Actually, I'd say this kind of vindicates it. Fucking with other people's stuff? You lose your game! No better punishment.

Lunncal:
Is that even legal? Do they get a refund?

It'd be understandable if they were banned from the multiplayer portion of the game, but if they can't log in to their Battle.net account they wouldn't be able to play the game at all, unless I've heard wrong. I think it's ridiculous that Blizzard can get away with something like this, but not surprising. Consumer rights don't seem to exist when it comes to video games, they were probably legislated out of existence by the mandatory post-purchase EULAs.

Blizzard has been very upfront for years now that Diablo is not a single player game any longer. It is an online game. It's not loke the EA fiasco's where they blocked play to what were very clearly single player games. Blizz did the due diligence ahead of time on this one, so yeah they can ban you from Battle.net.

While I loathe the always on internet requirements and DRM bullcrap, I fear that this actually comunicates exactly the opposite message from what some are assuming. The internet requirement does not prevent cheaters and botters and hackers from doing their thing. It lets the game runners detect and shut them down hard so they don't influence the economy or impact others game play like they could in previous games.

I like to imagine this kind of scenario happening somewhere:

*reads post about cheaters getting banned*
*doorbell, it's Blizzard*

Oh shit guys, hide the hacks and flush the mods!

Blizzard should of gone with all of the above, d is clearly too lax

faefrost:

Lunncal:
Is that even legal? Do they get a refund?

It'd be understandable if they were banned from the multiplayer portion of the game, but if they can't log in to their Battle.net account they wouldn't be able to play the game at all, unless I've heard wrong. I think it's ridiculous that Blizzard can get away with something like this, but not surprising. Consumer rights don't seem to exist when it comes to video games, they were probably legislated out of existence by the mandatory post-purchase EULAs.

Blizzard has been very upfront for years now that Diablo is not a single player game any longer. It is an online game. It's not loke the EA fiasco's where they blocked play to what were very clearly single player games. Blizz did the due diligence ahead of time on this one, so yeah they can ban you from Battle.net.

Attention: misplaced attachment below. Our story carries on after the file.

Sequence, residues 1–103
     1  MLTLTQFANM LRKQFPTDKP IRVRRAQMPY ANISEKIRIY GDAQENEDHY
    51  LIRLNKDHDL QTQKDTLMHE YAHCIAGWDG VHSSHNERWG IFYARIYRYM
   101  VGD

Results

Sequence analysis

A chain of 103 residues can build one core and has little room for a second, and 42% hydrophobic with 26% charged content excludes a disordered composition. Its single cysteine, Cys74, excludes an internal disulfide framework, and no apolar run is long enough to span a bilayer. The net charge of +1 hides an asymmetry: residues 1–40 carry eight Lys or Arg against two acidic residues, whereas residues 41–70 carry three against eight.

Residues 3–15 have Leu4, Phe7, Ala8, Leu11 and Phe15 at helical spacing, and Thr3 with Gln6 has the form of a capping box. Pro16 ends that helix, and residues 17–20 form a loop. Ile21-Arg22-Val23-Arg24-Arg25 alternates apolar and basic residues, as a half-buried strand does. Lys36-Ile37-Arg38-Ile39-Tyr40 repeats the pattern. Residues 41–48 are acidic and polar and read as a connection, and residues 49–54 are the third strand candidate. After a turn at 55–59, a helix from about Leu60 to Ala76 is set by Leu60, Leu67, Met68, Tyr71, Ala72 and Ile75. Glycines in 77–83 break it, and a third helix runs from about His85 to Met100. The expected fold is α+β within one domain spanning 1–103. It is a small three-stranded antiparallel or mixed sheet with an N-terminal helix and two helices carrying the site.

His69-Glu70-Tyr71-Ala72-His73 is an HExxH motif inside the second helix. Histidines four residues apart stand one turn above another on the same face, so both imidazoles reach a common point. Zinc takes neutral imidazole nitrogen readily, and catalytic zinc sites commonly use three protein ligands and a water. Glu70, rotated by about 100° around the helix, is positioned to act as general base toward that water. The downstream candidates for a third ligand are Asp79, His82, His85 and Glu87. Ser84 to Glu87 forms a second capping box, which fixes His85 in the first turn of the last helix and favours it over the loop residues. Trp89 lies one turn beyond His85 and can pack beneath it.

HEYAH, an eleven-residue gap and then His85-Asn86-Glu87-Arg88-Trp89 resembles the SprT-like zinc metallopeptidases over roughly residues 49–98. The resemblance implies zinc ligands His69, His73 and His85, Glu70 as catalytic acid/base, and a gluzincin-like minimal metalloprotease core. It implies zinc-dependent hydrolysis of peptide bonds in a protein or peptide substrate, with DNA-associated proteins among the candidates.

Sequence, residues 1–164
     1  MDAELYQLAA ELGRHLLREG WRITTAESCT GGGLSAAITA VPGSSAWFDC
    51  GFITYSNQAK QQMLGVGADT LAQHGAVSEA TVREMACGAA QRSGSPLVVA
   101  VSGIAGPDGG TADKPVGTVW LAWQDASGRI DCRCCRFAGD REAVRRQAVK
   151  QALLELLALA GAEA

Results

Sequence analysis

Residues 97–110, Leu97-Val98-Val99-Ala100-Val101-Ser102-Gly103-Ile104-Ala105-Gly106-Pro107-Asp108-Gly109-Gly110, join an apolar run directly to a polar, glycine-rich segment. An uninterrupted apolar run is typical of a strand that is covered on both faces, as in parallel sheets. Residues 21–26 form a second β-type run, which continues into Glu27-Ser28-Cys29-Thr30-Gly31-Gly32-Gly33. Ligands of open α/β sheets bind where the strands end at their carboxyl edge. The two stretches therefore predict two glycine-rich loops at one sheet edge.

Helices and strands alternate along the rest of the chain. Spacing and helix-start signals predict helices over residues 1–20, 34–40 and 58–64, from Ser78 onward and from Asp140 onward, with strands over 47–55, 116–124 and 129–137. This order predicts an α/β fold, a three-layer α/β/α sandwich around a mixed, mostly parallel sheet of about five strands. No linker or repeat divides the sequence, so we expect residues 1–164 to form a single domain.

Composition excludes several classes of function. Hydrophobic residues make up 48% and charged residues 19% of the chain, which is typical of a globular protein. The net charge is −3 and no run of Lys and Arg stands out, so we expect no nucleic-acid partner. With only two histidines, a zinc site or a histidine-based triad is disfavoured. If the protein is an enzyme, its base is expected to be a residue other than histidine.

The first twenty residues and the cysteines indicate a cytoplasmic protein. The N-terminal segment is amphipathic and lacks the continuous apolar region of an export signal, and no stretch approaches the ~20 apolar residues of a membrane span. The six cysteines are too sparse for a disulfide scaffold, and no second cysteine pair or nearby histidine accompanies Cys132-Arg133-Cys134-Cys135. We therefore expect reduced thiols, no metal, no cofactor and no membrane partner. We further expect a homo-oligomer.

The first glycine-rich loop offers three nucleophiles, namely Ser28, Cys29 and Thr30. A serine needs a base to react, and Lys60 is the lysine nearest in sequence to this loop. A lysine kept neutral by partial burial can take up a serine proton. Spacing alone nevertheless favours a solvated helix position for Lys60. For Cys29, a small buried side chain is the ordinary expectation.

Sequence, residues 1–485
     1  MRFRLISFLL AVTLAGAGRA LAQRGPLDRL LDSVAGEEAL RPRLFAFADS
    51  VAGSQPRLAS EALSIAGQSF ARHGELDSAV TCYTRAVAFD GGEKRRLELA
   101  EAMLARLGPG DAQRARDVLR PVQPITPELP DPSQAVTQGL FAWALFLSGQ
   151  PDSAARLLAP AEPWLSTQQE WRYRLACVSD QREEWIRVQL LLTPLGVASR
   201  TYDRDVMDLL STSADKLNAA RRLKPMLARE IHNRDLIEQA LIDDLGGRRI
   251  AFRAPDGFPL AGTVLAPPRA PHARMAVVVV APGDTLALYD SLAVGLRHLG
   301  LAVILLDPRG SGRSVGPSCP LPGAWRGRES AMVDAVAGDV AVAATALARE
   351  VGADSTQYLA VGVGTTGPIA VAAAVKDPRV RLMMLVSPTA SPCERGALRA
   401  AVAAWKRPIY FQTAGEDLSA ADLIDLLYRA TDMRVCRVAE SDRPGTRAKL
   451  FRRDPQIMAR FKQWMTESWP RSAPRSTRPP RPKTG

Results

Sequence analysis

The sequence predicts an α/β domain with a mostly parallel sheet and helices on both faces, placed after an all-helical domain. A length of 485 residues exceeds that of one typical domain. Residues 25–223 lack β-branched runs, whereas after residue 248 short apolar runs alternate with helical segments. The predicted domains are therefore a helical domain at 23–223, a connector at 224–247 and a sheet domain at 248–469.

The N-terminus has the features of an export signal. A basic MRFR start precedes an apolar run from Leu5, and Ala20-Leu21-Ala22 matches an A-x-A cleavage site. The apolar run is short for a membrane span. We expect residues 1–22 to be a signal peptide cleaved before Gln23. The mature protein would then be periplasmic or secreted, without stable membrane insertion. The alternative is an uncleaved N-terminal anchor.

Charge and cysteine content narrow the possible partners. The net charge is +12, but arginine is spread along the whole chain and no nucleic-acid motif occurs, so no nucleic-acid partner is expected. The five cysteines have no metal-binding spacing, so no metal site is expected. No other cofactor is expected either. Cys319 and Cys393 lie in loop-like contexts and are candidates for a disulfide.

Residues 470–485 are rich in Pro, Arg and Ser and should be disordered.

While I loathe the always on internet requirements and DRM bullcrap, I fear that this actually comunicates exactly the opposite message from what some are assuming. The internet requirement does not prevent cheaters and botters and hackers from doing their thing. It lets the game runners detect and shut them down hard so they don't influence the economy or impact others game play like they could in previous games.

And?

If someone pays for a product, and doesn't receive that product, they should be refunded. If it was a pure multiplayer game, and there was no option whatsoever for a singleplayer experience (as there actually is in this case) then obviously they can't just block you from the multiplayer and still let you keep the game, but then it is their duty to refund you the price. Like I was saying, it's basic consumer rights, only no-one seems to give a damn about them any more.

Most people do not take video-games as a hobby as far as people like me and you do, and they won't frequent The Escapist or whatever other sites and know this information in advance. They will buy the game, and then they will suddenly be presented with an EULA that says Blizzard can stop them playing this game (that they have already paid for) whenever they want. What if they don't agree with this? It's too bad, no game and no refund.

I'm certain this is illegal when it comes to most other products, and I don't know (or really care) what loophole software companies use to get away with this, but it's bullshit.

DVS BSTrD:
So the Pirates are safe then?

the pirates are allways safe, aye matey.
unfortunately they only have some @ss backwards alpha build world generator, or so i hear
but if they can haul the booty, then they dont care.

draythefingerless:
ITS FUNNY BECAUSE THIS ALWAYS ONLINE BULLSHIT JUST TOTALLY COLLAPSED ON ITSELF.

Seriously thou. Fuck D3's alwaysonline.

i agree, it has failed to do ANYTHING it claimed to it does not protect your account, it does not stop cheating, it does not prevent botting
( you bet your @ss if the iphone app exists to generate signin codes, a bot script can too )

Seriously thou. Fuck D3's alwaysonline.[/quote]

RaikuFA:

Lunncal:
Is that even legal? Do they get a refund?

It'd be understandable if they were banned from the multiplayer portion of the game, but if they can't log in to their Battle.net account they wouldn't be able to play the game at all, unless I've heard wrong.
I think it's ridiculous that Blizzard can get away with something like this, but not surprising. Consumer rights don't seem to exist when it comes to video games,
they were probably legislated out of existence by the mandatory post-purchase EULAs.

Considering that they steal from peoples accounts, do you want them to still play?

they voilated the terms they accepted, unless you live in the uk digital signing and contracts are considered 100% legal
( im no law student, but i've heard of uk cases being thrown out due to digital signing )

Edit# got trigger happy with the copy paste button.

The.Bard:
I'm confused. Wasn't the whole point of their always-online-uber-leet-DRM so that people COULDN'T hack and cheat at all?

So this means the online requirement successfully kept people from messing with it for... less than a month?

Good job all around.

Pretty much. It was never really about keeping the "consumers" safe though, if they wanted to really do that then Authenticators would be packaged into every physical release of their online games.